IYM: How did you prepare yourself to do hospice work and what sustains you as you continue to serve?

SS: My goal is to keep myself peaceful so I can serve better. I gratefully utilize all the practices of Yoga to keep myself balanced. Each day, the minute I get into my car, I turn on Gurudev’s affirmations (on the “Guided Relaxation” CD). He begins with, “You are happiness personified” and ends with how we can be one spiritually. The last thing Gurudev says on the CD is, “Thank you.” I take that as a message that I can’t serve without thanking the people I serve for the opportunity to serve them. Swami Sivananda always taught to “be good, do good, love all and serve all.” I took that and made my license plate “love and serve” to remind myself to love and serve unconditionally.

Another thing is that whenever I need to respond to a situation, I ask myself what Gurudev would do and what his teachings say that will allow me to be peaceful and to easefully serve this person. I can’t serve them, unless I am peaceful. I’m so grateful for all of Gurudev’s aphorisms and sutras that come to my mind like little gems. The essence of my being is infused with Gurudev’s motto: “Truth is one, paths are many.” If I can respect everyone’s path, I can serve them where they are. The older I get, the more I realize that serving them where they are is the most important thing. This has been instilled in me from living in the Ashram for over four decades. I feel it’s important to come back to the monastery and my community at the end of a day of teaching, counseling, etc. When I’m with like-minded people and those I love the most, I know I can count on them to challenge me so I can live the teachings in a better manner.

IYM: What Yoga or other practices do you find most useful to share with patients?

SS: The main practices are deep relaxation and pranayama because many I work with are near death, can’t move or are on assisted breathing. The breath allows the body, mind and spirit to relax. Sometimes I say to the family members, “Let’s all take slow, deep breaths as we hold hands.” The patient may join in and our breath becomes a rhythm—it’s one of the most holy situations I have ever experienced. I’ve seen people die with a smile on their face because we’ve done this together.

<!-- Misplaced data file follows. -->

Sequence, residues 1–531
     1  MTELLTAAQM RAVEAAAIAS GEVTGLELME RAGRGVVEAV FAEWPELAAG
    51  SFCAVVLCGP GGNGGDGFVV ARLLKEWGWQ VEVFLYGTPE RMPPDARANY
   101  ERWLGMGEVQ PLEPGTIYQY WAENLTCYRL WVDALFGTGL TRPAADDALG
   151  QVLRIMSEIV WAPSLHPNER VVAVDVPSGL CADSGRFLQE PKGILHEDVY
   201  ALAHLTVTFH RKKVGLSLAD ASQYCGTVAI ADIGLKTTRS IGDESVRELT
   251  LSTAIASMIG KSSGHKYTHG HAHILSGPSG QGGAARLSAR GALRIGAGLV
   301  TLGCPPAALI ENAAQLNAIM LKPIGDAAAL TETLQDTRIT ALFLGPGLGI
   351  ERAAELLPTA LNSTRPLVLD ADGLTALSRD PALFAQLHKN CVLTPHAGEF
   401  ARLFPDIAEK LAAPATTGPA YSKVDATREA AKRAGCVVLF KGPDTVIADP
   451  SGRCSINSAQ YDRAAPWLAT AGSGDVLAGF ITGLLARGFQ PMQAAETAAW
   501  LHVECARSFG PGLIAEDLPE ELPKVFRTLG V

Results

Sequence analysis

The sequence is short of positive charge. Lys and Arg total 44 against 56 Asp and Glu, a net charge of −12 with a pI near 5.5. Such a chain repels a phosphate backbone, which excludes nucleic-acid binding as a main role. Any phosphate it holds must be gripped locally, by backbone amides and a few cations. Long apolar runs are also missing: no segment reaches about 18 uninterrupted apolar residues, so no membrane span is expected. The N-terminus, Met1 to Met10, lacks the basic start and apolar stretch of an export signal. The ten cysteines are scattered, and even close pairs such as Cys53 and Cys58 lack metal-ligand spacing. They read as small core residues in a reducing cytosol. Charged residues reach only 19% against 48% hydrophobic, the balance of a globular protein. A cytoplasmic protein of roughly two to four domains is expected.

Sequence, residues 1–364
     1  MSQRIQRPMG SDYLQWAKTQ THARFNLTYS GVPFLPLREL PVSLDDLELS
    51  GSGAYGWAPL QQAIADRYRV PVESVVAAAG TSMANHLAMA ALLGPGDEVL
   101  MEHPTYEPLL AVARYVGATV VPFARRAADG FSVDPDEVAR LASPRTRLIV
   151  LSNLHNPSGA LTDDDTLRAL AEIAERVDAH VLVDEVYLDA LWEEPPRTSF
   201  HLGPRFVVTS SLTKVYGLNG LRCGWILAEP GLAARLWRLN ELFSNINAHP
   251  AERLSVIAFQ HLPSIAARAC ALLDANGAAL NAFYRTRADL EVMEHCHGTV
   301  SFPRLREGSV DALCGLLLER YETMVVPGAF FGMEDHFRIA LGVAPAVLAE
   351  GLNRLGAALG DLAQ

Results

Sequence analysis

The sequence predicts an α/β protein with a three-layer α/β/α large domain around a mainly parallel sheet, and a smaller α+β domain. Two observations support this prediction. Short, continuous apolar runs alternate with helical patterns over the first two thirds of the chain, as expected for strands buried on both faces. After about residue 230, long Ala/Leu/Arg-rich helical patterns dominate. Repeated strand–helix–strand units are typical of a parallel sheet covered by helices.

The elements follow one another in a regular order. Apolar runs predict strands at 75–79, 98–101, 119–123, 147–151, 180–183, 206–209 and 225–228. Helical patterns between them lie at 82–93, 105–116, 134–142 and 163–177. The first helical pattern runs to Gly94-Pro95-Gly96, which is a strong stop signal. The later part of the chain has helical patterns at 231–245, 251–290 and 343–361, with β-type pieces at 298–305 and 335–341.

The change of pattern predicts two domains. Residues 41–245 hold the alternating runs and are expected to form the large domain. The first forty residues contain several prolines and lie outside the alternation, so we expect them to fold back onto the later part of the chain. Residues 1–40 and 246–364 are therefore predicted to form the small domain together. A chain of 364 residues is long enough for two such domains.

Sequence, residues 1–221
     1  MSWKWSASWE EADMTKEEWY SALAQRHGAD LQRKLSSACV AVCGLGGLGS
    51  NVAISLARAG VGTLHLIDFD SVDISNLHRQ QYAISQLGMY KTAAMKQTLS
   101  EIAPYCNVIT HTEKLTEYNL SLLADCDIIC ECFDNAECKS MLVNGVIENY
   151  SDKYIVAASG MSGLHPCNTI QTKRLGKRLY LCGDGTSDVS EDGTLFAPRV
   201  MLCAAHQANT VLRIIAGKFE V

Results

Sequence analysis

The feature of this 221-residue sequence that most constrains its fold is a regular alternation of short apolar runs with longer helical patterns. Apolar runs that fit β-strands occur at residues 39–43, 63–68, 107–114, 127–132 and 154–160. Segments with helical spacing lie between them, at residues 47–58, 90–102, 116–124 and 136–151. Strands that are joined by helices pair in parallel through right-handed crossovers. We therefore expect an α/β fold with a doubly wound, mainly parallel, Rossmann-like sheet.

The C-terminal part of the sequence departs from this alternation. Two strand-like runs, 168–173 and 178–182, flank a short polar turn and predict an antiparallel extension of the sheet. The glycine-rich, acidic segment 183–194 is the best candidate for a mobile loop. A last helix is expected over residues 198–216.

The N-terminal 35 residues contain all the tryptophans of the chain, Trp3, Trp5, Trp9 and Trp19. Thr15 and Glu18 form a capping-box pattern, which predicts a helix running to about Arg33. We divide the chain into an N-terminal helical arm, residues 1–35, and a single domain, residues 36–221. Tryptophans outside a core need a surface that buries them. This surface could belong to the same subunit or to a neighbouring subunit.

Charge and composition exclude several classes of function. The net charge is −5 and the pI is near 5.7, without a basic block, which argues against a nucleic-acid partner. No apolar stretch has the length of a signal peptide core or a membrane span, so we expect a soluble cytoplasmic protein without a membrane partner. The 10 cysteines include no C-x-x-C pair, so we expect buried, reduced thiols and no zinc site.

Also, a phrase I often employ is: Think twice before saying nothing. I will ask myself a series of questions: Is what I want to say useful? Do I need to be the person to say it? Do I improve on silence by speaking? This is particularly important when you are working with very ill people. Being present is so important.

About Swami Sarvaananda, Ph.D., M.C.C.:

Swami Sarvaananda is the former chaplaincy supervisor for Hospice of the Piedmont, a nonprofit agency that serves 11 counties in Central Virginia. She was also instrumental in developing the Yogaville Vidyalayam (Integral Yoga School), “Christmas in Buckingham” program and served as administrator of Satchidananda Ashram. In her “spare” time,  she wrote the “Extra Gentle Yoga” and “Arthritis and Yoga” training manuals for the Integral Yoga Academy and the Arthritis Association. Swami Sarvaananda also contributed a chapter to the new book: Hindu Approaches to Spiritual Care: Chaplaincy in Theory and Practice.